Pointing out the dangers of labeling people, Juan Williams, has this to say in a recent interview in The Dallas Morning News, “Most black people tell me I’m a conservative. Most white people tell me I am a liberal. But this paradigm is a shortcut for the lazy. It is for people who want the ease of not listening.”
In the interview, Williams, whose new book is Muzzled: The Assault on Honest Debate, talked about how public debate has gotten skewed. He also answered questions about getting fired by NPR for comments he made about being nervous seeing people in Muslim garb at the airport. First he clarified that the comment had been taken out of context from statements he was making about the fear of terrorism in America since 9/11. He was referencing in general terms that having that fear is natural for most Americans.
Then he went on to talk about how difficult it is to have civil public discourse when everyone is labeled, and that label assigns a certain mindset that others react to. A Democrat can’t listen to a Republican, because they are polar opposites. A liberal has nothing to learn from a conservative.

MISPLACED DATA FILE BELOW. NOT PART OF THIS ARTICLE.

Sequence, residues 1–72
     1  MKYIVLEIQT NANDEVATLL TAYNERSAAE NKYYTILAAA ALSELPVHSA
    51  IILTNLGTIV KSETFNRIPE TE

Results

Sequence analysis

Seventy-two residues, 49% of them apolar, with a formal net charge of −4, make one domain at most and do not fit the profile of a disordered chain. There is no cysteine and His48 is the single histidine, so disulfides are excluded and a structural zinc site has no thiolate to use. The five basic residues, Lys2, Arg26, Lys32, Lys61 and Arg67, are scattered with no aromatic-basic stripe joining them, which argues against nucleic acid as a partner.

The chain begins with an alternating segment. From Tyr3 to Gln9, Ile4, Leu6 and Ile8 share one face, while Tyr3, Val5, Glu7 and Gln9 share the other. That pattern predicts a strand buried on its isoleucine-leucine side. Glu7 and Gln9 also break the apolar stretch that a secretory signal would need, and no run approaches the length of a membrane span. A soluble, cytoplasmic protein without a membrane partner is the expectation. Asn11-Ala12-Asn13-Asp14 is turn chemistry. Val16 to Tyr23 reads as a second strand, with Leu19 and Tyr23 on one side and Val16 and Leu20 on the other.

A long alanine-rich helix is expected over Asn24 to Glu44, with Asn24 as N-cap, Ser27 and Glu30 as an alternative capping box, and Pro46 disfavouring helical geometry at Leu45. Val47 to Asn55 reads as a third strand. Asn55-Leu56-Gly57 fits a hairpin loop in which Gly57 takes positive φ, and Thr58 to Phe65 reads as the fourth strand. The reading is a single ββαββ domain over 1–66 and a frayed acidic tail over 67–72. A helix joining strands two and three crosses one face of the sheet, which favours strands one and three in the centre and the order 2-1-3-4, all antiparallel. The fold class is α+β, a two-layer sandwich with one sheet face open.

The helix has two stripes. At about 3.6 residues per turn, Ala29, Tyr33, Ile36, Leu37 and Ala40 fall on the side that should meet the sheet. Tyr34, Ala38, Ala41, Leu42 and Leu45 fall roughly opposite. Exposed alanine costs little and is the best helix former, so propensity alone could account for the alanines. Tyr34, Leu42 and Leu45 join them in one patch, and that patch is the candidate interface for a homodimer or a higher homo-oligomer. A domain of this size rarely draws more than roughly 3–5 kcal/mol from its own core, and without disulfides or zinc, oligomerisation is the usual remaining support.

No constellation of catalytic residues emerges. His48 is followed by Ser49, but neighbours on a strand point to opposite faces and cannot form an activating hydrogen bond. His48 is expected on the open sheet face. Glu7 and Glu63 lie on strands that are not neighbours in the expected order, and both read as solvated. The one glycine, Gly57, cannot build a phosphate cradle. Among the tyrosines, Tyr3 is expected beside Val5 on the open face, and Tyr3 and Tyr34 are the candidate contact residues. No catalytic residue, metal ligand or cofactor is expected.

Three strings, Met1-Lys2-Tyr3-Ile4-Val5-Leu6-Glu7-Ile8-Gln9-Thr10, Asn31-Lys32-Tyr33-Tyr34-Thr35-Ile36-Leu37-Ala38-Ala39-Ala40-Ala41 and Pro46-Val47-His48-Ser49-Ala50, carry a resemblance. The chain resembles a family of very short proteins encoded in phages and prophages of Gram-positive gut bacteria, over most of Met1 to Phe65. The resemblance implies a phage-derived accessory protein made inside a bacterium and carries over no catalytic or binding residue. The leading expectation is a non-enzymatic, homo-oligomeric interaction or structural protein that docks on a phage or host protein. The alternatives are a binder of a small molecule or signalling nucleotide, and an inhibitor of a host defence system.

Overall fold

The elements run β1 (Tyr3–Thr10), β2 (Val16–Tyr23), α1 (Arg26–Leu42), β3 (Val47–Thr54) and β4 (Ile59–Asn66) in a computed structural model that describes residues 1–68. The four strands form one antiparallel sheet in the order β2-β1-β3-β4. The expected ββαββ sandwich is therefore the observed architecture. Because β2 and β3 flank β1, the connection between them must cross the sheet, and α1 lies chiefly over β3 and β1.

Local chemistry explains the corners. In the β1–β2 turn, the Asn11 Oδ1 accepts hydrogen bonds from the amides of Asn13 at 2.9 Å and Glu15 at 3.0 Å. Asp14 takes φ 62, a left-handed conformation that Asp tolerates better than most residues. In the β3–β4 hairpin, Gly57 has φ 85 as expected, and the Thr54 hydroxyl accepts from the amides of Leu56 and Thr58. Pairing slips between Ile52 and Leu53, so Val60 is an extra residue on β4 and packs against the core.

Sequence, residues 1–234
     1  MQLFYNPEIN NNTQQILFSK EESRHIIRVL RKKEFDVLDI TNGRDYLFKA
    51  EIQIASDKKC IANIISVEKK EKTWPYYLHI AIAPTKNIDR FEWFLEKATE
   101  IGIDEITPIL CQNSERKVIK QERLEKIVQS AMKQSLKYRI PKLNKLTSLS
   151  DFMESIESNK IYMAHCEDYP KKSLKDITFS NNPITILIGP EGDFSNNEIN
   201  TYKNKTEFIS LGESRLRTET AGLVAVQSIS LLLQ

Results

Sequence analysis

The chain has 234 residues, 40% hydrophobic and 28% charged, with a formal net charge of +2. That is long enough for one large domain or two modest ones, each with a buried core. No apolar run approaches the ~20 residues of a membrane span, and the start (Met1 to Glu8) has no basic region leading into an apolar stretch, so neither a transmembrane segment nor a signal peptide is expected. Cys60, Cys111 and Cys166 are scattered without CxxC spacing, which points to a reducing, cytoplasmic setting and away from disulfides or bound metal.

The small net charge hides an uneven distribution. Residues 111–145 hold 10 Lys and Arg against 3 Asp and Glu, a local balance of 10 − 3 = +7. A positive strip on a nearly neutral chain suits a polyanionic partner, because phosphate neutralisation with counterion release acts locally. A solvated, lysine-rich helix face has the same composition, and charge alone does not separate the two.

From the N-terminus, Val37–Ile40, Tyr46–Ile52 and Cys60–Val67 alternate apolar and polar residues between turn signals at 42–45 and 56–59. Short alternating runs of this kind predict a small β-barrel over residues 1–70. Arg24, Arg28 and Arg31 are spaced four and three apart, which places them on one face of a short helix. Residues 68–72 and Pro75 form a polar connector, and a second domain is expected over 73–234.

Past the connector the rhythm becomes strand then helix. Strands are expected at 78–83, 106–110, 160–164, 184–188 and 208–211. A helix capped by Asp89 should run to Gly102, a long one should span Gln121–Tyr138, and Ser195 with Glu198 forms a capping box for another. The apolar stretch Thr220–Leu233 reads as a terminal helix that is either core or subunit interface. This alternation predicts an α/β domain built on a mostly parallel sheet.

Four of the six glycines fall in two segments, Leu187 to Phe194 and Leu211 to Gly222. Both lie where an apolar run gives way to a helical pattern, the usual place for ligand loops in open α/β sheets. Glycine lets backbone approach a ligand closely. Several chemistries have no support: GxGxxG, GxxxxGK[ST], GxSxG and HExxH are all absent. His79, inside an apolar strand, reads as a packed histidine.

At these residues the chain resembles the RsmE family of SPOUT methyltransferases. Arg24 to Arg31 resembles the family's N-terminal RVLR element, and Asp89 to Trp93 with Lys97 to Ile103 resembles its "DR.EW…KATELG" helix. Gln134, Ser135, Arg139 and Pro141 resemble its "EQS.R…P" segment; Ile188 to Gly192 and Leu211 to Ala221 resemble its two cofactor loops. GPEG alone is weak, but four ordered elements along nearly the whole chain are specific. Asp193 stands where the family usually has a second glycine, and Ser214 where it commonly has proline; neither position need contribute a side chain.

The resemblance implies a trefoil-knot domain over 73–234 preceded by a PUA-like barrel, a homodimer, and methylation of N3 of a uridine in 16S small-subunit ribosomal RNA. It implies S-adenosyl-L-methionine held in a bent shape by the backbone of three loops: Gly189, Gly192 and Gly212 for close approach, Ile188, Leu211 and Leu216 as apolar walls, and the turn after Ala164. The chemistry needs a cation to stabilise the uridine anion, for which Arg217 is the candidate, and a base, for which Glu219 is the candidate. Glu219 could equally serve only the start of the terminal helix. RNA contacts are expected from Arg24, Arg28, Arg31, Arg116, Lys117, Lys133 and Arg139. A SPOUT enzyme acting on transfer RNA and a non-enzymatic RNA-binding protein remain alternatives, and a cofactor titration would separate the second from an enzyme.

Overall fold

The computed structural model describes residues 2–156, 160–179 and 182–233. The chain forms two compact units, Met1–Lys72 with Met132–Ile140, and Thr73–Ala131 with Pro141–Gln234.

Toward the end of the interview Williams made this point, “The key to expanding debate is to make it solution-oriented. Be very suspicions, even disdainful of people who use speech codes or personal attacks to stop enlightened discussion of the best ideas for moving America forward.”
Amen to that.
In that same issue of the newspaper, I read an interesting column by Helen Zoe, an assistant professor of history at Michigan State University in East Lansing. She was asking for a little respect for home economics classes. What I remember of those classes was making an apron, trying to learn how to set a proper table, and cooking something that did not resemble old shoe leather.
Zoe pointed out in her column that “…that producing good, nutritious food is profoundly important, that it takes study and practice, and that it can and should be taught through the public school system.”
She is offering that thought as one way to help fight the issues of obesity and chronic disease that are plaguing our society today.
Sounds good in theory, but I think good eating habits start in the home with parents who eat healthy and teach their children to eat healthy. Sit-down family dinners with meat and vegetables as opposed to fast-food take-out, is a good start.
How about you? Does your family eat healthy? What are the challenges you face in trying to maintain a healthy diet?